Creating a positive user experience is often one of the main goals that businesses hope to achieve through their website. And if this isn’t a priority for you, you might want to think again. In large part, cultivating a great user experience on your site happens when it is accessible to all users. Complying with Ontario accessibility standards and Web Content Accessibility Guidelines will improve the functionality of your website for all users, inclusive of people with disabilities.
Failure to comply with the accessibility standards, could result in not only a large fine, but also a decline in site traffic and leads, due to inaccessibility.
We don't want you do struggle with having an inaccessible website, so we’ve decided to help you by answering some of the most common questions people have when it comes to website accessibility.
Who must comply? (What is the criteria?)
According to Ontario law, a private or non-profit organization with 50+ employees, and a public sector organization must ensure new and significantly refreshed public websites are accessible.
As of January 1, 2021, organizations meeting the criteria listed above were required to have all public websites and web content meet WCAG (Web Content Accessibility Guidelines) 2.0 Level AA except for sections 1.2.4 and 1.2.5.
Now that sounds great, but what does it really mean? The WCAG 2.0 guidelines are internationally accepted as the standard for web accessibility, and there are three levels of accessibility, Level A, AA, and AAA.
In laymen’s terms, new websites or newly refreshed websites were first required to satisfy Level A (as of January 1, 2014) and then from there, they needed to satisfy Level AA (as of January 1, 2021). There has yet to be requirements for meeting Level AAA.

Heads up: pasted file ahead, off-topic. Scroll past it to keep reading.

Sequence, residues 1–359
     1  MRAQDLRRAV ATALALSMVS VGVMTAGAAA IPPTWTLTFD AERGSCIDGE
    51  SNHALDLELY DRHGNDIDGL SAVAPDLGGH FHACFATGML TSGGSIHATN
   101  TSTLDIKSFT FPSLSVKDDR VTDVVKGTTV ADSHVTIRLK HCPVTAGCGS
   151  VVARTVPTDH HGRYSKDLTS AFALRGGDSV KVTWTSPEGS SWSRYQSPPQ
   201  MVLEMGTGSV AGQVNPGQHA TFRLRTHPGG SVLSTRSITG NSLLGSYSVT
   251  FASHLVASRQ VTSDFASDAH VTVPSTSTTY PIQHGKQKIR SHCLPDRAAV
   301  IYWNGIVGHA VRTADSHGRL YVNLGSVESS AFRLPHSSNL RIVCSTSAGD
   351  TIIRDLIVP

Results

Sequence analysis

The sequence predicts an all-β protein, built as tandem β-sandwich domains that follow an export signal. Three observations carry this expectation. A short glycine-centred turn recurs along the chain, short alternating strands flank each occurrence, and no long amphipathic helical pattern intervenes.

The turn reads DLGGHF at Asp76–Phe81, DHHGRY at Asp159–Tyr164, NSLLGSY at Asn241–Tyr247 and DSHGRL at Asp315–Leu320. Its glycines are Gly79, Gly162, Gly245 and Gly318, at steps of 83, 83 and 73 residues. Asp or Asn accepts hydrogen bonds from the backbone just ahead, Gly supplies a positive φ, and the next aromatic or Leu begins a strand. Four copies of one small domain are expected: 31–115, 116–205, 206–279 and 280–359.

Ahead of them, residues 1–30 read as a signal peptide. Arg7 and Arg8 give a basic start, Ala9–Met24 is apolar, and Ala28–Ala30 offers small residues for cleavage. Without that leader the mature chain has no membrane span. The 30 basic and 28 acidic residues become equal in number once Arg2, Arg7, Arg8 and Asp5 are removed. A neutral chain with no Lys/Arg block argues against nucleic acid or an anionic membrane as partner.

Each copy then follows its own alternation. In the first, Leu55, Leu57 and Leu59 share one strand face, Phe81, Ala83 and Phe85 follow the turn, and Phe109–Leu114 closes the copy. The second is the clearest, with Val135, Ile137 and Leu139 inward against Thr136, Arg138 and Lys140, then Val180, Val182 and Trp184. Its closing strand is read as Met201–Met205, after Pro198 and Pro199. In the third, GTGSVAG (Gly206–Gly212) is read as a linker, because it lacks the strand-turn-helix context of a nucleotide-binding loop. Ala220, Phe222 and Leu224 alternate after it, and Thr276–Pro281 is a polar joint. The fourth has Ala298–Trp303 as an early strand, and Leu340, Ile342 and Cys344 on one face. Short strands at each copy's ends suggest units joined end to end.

How do I know if my website is accessible?
How to ensure your website is meeting the WCAG 2.0 guidelines:
Essentially, your website should have the ability to provide the following:
- Text alternatives for non-text content
- Alternatives for time-based media (ie. Pre-recorded alternative forms of media such as, audio-only, video-only, captions, etc)
- Adaptability – content can be presented in different ways
- Distinguishable content – making content easier to see and hear
- Keyboard accessibility
- Enough time for users to read and use content
- Content that will not trigger seizures (ie. Do not contain more than three times or flashing below the flash threshold)
- Content that is easy to navigate
- Readable text content
- Predictable web pages
- Input assistance
- Compatibility with user agents such as assistive technology
We know this looks like a lot and it can be overwhelming, however there are web developers like ourselves who are well versed in accessibility requirements, and we can help make your website accessible, saving you from a massive headache.
There are also wonderful accessibility tools out there, such as UserWay, which we use here on our own site! UserWay is a website add-on that provides solutions to website accessibility issues without disturbing the existing code on your website.
However, you must be aware that if you are committed to meeting these requirements all on your own, thorough accessibility testing prior to the launch of your new or redesigned site is necessary.
How can I test my website’s accessibility?